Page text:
Sunday, November 27, 2016

Level reconfigurations

This week's new build is up here

After two weeks off, I'm trying to get back into revising some of these levels using some of what I learned in the last few builds. I was unhappy with how I introduced bounce walls and unhappy with how I introduced switches, so I created, deleted, and/or edited several of the levels having to do with those concepts.

Here's the new level which introduces bounce walls. The old level immediately combined bounce walls with wrap walls, and I wanted to start simpler than that. I was at first afraid of using more than two linked goal nodes, but then I realized that more goal nodes doesn't always make a level more difficult. In this case, they actually call out what the player is supposed to be doing.

I apply the same idea here. This used to be the first level with bounce walls, now it's the second. I added the northern and southern linked goal node to again call out to the player what it is they're supposed to be doing. It also prevents you from simply moving to the western node, hitting it, and moving around the bounce wall to hit the eastern node.

This is the new introductory level for switches. It really looks insane, but the idea is that only one switch is available at any time, and hitting each switch closes off the part of the level you're done with and shoves you on to the next part. It ends with a switch that turns off the kill walls surrounding the central goal item. I believe I got too fancy by adding the enemy and the warp walls. I may just delete them to make this a bit more reasonable.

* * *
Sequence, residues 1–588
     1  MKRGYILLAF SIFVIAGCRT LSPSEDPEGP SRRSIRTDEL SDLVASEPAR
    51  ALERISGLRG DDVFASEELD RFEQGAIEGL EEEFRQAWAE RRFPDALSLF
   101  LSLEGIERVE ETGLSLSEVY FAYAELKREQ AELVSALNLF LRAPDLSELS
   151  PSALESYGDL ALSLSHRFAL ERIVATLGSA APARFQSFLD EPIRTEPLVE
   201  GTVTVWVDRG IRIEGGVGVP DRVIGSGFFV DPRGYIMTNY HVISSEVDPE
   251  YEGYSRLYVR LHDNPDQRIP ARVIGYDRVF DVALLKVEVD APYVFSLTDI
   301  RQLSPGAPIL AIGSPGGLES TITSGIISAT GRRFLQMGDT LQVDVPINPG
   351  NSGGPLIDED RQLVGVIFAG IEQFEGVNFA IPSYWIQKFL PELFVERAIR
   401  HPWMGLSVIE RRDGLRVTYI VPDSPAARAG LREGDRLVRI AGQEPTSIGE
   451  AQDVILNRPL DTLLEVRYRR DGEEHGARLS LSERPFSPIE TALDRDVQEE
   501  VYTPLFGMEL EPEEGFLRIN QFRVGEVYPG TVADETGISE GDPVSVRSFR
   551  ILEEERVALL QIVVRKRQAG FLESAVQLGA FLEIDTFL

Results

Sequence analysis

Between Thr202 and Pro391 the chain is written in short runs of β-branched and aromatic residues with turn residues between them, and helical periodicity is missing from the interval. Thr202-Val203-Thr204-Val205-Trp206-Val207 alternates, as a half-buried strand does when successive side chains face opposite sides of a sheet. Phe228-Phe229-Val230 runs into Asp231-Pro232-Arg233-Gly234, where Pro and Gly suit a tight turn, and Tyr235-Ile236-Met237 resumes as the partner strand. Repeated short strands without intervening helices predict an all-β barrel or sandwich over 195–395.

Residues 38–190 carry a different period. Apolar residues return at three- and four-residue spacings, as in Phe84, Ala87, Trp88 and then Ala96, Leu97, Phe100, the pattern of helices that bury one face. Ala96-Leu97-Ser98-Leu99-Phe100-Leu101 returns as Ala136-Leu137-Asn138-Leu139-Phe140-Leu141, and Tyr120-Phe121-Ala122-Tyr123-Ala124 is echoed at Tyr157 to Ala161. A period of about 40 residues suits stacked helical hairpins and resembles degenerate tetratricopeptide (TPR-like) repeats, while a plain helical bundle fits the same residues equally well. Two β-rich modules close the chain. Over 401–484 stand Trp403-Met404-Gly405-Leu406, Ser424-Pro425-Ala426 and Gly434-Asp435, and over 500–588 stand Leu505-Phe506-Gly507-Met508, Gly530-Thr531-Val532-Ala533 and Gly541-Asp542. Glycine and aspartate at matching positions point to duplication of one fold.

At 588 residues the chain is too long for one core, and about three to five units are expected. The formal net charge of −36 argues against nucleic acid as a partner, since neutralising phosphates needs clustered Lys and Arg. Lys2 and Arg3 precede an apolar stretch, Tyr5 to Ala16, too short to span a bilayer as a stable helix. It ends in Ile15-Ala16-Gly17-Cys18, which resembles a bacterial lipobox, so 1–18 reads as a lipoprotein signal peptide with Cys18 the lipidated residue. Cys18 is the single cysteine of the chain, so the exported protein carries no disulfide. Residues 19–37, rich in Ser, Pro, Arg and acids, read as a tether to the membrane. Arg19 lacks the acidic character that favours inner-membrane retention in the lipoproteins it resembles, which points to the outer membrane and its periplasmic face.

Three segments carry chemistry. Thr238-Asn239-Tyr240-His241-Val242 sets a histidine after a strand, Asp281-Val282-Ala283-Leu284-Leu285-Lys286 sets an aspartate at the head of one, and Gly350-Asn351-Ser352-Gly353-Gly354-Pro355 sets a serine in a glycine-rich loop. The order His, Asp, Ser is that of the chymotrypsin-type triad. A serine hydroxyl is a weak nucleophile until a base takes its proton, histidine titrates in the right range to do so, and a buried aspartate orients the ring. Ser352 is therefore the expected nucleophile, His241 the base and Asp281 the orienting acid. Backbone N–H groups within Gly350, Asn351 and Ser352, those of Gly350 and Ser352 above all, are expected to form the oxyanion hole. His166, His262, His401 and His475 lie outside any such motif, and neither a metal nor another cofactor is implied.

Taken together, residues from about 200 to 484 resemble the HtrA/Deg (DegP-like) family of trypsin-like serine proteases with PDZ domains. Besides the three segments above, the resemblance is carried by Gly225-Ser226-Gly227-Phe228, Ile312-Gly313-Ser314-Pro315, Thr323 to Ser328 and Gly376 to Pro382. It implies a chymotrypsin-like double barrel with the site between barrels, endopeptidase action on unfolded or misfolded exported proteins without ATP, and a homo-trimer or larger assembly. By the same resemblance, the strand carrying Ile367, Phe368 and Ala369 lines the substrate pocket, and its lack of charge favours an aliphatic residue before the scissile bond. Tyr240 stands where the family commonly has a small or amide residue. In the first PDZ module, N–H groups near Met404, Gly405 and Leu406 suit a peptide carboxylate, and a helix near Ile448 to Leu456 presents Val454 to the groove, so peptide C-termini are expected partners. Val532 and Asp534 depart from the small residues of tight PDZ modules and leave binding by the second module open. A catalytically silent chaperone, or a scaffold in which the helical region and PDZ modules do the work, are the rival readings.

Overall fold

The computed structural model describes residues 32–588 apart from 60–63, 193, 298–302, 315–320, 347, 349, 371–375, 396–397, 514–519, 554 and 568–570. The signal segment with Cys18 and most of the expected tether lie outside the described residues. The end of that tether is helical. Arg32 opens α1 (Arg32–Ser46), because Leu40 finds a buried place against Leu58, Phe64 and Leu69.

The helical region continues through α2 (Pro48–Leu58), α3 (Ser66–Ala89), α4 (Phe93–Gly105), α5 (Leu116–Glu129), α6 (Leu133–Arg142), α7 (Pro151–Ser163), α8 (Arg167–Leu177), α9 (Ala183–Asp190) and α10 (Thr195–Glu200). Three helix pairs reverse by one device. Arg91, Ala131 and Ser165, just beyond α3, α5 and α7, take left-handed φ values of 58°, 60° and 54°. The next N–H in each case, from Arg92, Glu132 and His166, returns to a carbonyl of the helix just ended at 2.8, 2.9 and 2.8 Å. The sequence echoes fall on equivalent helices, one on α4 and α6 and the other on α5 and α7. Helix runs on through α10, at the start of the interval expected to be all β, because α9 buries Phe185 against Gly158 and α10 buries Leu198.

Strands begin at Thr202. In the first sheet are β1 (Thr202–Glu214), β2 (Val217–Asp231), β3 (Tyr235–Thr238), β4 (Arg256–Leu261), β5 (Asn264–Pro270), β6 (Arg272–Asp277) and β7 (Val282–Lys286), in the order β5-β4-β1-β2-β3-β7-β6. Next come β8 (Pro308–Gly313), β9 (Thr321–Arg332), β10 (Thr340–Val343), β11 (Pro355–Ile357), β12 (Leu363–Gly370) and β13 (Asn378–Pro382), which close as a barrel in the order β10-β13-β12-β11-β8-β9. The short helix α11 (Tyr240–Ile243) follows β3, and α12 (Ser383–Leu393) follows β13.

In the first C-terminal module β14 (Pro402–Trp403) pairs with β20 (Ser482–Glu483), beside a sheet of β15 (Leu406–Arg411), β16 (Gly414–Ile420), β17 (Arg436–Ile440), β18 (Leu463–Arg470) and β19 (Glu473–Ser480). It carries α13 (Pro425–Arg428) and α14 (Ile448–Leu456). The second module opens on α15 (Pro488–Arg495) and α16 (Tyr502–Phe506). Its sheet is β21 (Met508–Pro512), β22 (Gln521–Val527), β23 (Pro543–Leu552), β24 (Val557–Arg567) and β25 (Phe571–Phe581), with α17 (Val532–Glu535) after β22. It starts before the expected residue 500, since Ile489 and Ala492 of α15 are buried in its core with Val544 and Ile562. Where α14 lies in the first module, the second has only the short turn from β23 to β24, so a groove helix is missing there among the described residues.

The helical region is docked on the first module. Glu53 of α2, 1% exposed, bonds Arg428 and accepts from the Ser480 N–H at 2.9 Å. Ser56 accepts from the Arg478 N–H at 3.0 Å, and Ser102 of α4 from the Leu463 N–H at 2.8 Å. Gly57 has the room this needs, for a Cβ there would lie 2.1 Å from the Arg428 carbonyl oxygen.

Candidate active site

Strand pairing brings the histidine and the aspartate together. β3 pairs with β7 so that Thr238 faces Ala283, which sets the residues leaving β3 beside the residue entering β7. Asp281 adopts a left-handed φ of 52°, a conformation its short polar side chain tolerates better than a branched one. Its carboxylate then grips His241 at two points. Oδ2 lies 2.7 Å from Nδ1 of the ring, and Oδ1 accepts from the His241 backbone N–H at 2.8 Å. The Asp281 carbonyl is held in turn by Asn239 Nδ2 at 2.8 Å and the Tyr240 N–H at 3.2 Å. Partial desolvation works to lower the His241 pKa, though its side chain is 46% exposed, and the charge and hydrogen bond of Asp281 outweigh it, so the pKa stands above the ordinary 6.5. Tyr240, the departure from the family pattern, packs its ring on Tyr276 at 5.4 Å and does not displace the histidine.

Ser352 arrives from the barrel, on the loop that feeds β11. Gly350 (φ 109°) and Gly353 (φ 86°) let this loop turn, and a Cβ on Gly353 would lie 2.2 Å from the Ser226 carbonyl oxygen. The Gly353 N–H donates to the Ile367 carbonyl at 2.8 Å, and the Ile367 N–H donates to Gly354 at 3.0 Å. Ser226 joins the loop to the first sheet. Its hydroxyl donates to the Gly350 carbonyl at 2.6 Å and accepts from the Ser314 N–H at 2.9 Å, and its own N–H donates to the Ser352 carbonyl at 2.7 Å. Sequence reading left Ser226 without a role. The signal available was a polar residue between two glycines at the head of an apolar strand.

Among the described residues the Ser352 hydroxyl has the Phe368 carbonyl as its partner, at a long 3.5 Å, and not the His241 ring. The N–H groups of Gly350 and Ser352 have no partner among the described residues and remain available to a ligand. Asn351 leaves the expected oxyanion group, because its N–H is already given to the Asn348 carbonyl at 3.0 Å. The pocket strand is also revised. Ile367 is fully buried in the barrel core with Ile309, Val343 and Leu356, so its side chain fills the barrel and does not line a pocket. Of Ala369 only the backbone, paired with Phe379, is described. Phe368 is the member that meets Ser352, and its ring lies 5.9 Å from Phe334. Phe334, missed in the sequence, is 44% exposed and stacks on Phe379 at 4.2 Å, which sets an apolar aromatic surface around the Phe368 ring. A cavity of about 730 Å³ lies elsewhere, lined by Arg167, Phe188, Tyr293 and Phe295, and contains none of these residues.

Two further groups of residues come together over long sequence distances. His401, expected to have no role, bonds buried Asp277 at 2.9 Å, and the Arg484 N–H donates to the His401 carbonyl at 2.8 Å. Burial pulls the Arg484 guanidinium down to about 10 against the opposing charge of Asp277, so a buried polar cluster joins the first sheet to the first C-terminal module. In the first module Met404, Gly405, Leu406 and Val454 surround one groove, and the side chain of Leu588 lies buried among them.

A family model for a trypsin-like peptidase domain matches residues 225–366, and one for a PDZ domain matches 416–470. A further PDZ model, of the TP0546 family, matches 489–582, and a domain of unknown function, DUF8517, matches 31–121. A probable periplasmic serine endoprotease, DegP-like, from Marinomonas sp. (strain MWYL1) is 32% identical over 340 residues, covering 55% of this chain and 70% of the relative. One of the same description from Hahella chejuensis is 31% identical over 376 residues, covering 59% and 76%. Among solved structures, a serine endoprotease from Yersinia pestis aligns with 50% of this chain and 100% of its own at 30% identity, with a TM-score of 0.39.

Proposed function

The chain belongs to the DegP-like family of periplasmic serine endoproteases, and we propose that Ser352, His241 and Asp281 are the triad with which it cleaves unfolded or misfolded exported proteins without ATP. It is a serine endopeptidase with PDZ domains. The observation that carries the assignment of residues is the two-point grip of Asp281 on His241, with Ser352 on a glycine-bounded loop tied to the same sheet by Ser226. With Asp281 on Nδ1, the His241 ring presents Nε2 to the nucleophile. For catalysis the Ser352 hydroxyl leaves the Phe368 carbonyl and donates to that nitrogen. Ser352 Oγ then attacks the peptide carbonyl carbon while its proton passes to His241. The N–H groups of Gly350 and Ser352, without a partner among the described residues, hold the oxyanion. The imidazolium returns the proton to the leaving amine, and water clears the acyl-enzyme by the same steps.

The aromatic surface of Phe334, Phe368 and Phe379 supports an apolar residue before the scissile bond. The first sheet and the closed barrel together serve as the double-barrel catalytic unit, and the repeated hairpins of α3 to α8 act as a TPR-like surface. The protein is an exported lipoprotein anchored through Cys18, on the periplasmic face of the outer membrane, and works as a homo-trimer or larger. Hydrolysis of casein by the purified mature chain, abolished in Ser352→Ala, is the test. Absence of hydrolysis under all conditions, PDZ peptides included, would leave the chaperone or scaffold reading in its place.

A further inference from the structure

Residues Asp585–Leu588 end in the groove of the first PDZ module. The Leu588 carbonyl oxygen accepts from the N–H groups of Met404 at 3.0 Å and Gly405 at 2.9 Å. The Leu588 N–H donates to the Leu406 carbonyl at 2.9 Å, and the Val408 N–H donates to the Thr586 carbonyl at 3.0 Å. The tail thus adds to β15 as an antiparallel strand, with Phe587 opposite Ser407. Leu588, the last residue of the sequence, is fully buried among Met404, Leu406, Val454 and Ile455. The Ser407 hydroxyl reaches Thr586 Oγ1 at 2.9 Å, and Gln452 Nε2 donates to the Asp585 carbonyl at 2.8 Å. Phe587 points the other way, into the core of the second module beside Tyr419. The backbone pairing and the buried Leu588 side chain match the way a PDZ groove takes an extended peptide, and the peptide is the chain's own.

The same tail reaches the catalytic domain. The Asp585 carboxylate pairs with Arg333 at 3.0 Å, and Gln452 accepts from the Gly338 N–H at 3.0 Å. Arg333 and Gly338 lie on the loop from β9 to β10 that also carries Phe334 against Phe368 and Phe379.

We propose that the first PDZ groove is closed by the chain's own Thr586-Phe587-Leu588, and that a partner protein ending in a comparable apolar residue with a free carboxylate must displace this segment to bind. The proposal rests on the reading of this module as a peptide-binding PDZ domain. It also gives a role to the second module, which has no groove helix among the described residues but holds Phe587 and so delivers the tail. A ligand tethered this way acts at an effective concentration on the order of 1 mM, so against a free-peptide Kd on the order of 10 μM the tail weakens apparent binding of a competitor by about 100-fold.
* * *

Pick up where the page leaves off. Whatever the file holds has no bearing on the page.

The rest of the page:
All in all, I think these are good changes. These levels are also a lot more aesthetically pleasing than some of the levels they're replacing. Ideally, I want every level in the game to follow the example set by this level:

It's dynamic, it has good aesthetic and mechanical composition, and it uses all or most of the space without creating clutter or overly complex structures. I think if I can have 25-35 levels that do that, I'll be satisfied with calling this game "done."

Charging-up sound effect, as always, is by Javier Zumer. I'm using it and modifying it under this license.

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